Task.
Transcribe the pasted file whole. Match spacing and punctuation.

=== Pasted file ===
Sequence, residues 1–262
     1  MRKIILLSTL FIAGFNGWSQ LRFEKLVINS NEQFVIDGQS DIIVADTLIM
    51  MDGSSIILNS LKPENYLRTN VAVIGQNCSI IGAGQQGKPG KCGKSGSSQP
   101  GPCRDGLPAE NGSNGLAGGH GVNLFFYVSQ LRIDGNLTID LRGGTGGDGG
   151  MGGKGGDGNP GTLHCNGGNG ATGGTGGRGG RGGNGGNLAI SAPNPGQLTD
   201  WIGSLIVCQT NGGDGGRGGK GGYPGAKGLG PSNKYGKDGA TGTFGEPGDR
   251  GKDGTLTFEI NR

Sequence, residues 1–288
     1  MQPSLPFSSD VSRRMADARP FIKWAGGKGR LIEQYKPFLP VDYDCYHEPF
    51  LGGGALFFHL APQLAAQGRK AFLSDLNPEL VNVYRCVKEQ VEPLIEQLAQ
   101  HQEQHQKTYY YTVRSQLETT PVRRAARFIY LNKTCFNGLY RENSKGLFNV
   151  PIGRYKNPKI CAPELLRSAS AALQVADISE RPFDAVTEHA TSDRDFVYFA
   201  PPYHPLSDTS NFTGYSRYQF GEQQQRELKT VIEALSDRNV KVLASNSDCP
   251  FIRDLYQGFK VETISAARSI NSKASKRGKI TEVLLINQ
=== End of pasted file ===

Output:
Sequence, residues 1–262
     1  MRKIILLSTL FIAGFNGWSQ LRFEKLVINS NEQFVIDGQS DIIVADTLIM
    51  MDGSSIILNS LKPENYLRTN VAVIGQNCSI IGAGQQGKPG KCGKSGSSQP
   101  GPCRDGLPAE NGSNGLAGGH GVNLFFYVSQ LRIDGNLTID LRGGTGGDGG
   151  MGGKGGDGNP GTLHCNGGNG ATGGTGGRGG RGGNGGNLAI SAPNPGQLTD
   201  WIGSLIVCQT NGGDGGRGGK GGYPGAKGLG PSNKYGKDGA TGTFGEPGDR
   251  GKDGTLTFEI NR

Sequence, residues 1–288
     1  MQPSLPFSSD VSRRMADARP FIKWAGGKGR LIEQYKPFLP VDYDCYHEPF
    51  LGGGALFFHL APQLAAQGRK AFLSDLNPEL VNVYRCVKEQ VEPLIEQLAQ
   101  HQEQHQKTYY YTVRSQLETT PVRRAARFIY LNKTCFNGLY RENSKGLFNV
   151  PIGRYKNPKI CAPELLRSAS AALQVADISE RPFDAVTEHA TSDRDFVYFA
   201  PPYHPLSDTS NFTGYSRYQF GEQQQRELKT VIEALSDRNV KVLASNSDCP
   251  FIRDLYQGFK VETISAARSI NSKASKRGKI TEVLLINQ